From the Nile River's fertile floodplains to the harsh desert wadis of the the Sahara, the culture of the ancient Egyptians thrived in part due to the availability of natural resources, among them naturally occurring forms of salt. Salts were mined, traded and used for many purposes in Egypt, from everyday household and industrial applications to the sacred rituals of mummification.
Salt of the Earth -- and Sea
Four of the lakes in the Nile Delta area were known for their salt content, Burullus, Edku, Marout and Manzala. These saline bodies of water, along with the Mediterranean Sea, allowed Egyptians to gather salt directly from crusted shoreline flats, or via seawater evaporation. The Wadi Natrun near the Nile Delta (which means "natron valley" in Arabic) and El Kab in Upper Egypt are principal sites where natron was mined in ancient times. A naturally occurring sodium compound like common salt, natron is composed mostly of a hydrate of sodium carbonate and in ancient Egypt had its own particular uses, as well as being employed for uses much like common salt.
Seasoning, Trade and More
As in so many cultures, Egyptians used salt to preserve dried fish and season their food. Salt extended the shelf life of the Nile's abundant fish harvest, allowing the Egyptians to build a food surplus and enhance the country's economy through domestic and foreign trade, procuring goods including cedar, glass and purple dye from the Phoenicians. Natron served as a detergent and tooth cleaner. Salts were also prescribed within various health mixtures by Egyptian physicians, applied to the skin, taken as an enema, or given orally depending on the condition.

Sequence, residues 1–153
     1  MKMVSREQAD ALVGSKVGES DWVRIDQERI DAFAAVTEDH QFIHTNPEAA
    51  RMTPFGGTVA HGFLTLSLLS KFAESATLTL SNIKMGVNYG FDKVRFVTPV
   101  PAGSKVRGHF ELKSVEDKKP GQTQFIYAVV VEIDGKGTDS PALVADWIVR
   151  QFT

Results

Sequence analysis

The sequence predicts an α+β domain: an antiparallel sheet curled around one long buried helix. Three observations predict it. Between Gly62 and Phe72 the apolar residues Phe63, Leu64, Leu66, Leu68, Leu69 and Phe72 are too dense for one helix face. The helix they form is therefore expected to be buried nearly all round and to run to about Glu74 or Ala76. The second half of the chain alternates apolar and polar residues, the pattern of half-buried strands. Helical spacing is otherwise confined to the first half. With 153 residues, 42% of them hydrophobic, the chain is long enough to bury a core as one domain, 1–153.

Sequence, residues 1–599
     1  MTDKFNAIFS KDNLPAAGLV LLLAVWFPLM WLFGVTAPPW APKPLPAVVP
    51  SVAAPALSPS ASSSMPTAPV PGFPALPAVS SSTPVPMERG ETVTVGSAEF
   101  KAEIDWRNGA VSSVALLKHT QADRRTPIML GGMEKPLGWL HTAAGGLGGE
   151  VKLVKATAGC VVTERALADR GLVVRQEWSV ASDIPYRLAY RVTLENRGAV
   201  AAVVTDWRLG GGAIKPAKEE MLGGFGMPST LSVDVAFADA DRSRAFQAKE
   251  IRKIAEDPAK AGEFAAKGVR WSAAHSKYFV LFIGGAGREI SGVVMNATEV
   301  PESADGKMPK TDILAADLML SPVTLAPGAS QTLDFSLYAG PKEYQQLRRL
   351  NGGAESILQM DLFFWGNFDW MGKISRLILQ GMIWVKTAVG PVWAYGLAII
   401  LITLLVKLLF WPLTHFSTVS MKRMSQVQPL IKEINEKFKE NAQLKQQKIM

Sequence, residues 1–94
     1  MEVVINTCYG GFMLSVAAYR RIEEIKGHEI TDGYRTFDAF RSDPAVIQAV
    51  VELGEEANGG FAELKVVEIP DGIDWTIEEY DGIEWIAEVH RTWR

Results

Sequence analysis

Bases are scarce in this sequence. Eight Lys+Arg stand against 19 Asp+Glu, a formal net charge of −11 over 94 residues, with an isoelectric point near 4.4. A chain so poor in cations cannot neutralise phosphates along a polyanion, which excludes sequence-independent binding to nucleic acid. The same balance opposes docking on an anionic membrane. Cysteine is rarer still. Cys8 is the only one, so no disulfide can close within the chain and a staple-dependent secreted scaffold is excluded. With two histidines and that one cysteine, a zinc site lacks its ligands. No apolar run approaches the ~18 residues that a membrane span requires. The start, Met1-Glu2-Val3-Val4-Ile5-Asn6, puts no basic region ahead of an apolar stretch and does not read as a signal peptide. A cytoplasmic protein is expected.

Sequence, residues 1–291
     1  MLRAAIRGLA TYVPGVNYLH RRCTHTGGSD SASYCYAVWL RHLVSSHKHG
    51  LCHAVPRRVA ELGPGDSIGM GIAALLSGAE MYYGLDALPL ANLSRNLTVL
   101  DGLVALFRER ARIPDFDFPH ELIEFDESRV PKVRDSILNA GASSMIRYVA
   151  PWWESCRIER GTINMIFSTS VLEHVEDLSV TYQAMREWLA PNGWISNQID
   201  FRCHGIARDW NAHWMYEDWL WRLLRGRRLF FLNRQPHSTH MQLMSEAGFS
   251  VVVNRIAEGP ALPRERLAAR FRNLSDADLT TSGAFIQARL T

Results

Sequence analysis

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Industry and Artistry
The Egyptians are known for their love of color and produced many beautiful works using faience, a beautiful glassy substance reminiscent of turquoise. To create it, quartz powder was heated in a mold to form amulets, figurines and other exquisite craftsmanship, and salt or natron served as the binder in this process. Metallic salts such as alum were used to bind alizarin -- a vivid red plant-based dye -- to fibers or thread during textile production in a process called acid dyeing. Salts were also among the materials used to cure animal hides and skins.
Preparation for the Afterlife
Preparation for the afterlife was deeply important to ancient Egyptian religious beliefs. Funeral offerings of natron or salt were left in Egyptian tombs for the deceased, as well as food including salted birds or fish to be enjoyed in the afterlife. A mummy had to be dried completely before burial, and salt, particularly natron, played a significant role in the dessication process. Bags of either substance were packed around and within the body of the entombed after the stomach, intestines, lungs and liver had been removed from it. The drying procedure lasted 40 days and was a significant portion of the most elaborate mummification process, which took 72 days from start to finish.